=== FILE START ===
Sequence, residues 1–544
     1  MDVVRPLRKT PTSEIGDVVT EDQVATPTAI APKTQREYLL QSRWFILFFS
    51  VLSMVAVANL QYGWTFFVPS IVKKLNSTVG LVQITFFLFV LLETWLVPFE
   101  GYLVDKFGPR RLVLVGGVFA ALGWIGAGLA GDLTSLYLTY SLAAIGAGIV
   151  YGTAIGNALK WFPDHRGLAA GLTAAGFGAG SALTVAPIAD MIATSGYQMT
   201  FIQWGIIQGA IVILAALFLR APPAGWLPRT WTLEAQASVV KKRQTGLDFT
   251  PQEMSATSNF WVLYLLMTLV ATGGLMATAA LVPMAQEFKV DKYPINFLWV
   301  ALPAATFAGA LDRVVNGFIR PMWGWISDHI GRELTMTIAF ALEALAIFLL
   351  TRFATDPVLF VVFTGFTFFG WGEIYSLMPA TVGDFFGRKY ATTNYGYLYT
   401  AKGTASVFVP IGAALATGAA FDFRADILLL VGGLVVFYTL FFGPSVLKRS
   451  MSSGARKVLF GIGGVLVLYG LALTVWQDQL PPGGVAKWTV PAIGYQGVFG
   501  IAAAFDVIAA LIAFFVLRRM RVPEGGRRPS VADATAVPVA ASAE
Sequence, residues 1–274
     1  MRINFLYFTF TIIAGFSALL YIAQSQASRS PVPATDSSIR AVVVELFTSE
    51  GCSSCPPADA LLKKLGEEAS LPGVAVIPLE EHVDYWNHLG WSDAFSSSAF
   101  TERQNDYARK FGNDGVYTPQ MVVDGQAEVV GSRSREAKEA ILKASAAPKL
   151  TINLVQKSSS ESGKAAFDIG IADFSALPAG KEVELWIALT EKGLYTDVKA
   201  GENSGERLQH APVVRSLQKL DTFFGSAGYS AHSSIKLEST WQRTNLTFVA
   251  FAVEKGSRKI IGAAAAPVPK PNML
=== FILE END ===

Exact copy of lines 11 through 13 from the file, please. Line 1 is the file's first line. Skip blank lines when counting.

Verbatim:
   451  MSSGARKVLF GIGGVLVLYG LALTVWQDQL PPGGVAKWTV PAIGYQGVFG
   501  IAAAFDVIAA LIAFFVLRRM RVPEGGRRPS VADATAVPVA ASAE
Sequence, residues 1–274